Friday, January 9, 2015

Dear Abby

Back when I started teaching, I ambitiously founded a student newspaper for my 6th grade team. Published 4-5 times per year, it was a product of the hard work of about a dozen kids and me. At our first editorial staff meeting I asked what sort of features they might like to include, and by far and away the top of their list was an advice column. They decided to call it "Dear Kitty" partially because "Abby" was already taken, and partially because that's what Anne Frank called her diary.

Flash forward a couple of decades, and with a unit whose guiding question is How can we use writing to solve problems? an advice letter activity seemed like a natural. "Can anyone tell me who Dear Abby is?" I started the lesson, but there were blank looks all around. Surprised, I took a step back and explained the concept of writing anonymously to a newspaper for advice.

At a meeting yesterday, someone asked me if the students had been thrown off by our crazy weather-related schedule this week. "Not really," I replied. "When you're in sixth grade? Nothing is a surprise, basically because everything is new." They laughed because they knew it was true, especially for middle school kids.

It took me a while to realize it, but I'm pretty sure eleven and twelve are the most resilient ages of humans-- you're young enough to have very fluid expectations, but old enough to appreciate novelty. At that age, the phrase roll with it was invented for you.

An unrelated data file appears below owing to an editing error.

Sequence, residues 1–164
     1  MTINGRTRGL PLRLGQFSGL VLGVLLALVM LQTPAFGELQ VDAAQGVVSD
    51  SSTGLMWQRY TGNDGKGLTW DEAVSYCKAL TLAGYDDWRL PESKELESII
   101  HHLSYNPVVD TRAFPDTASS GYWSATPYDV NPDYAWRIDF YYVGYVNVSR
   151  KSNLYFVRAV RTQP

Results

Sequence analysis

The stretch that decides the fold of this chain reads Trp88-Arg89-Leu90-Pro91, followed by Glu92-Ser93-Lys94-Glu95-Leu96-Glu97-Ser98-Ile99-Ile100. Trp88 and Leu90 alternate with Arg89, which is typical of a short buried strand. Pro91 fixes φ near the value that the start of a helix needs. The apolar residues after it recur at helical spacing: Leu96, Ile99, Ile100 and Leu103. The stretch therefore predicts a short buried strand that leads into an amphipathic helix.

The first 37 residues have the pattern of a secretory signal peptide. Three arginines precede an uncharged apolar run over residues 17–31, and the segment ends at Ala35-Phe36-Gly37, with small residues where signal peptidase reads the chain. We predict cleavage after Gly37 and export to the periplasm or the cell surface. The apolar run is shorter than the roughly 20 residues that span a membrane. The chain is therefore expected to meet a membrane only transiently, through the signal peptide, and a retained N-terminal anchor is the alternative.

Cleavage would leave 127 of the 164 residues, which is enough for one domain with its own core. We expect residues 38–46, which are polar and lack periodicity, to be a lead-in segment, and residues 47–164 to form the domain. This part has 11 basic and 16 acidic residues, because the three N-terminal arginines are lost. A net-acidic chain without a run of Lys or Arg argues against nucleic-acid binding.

And as a long time sixth grade teacher, it was invented for me, too, because adjusting and improvising are often what I have to do to reach my students, despite the amount of data I may have on them. And so today I found myself describing a cultural pillar of 20th century America to a class full of kids with iPads in their hands.

"Is it kind of like" one wanted to know.

"Not really," I said.

"That century was, like, 20 years ago!" added another.

"Fifteen," I corrected her.

"Whatever!" she replied. "We weren't even born, yet."

However... Once they saw an example and were asked to write, on paper, with a silly pseudonym, for some free advice, you would be amazed at what a cool idea it was, and they totally rolled with it.

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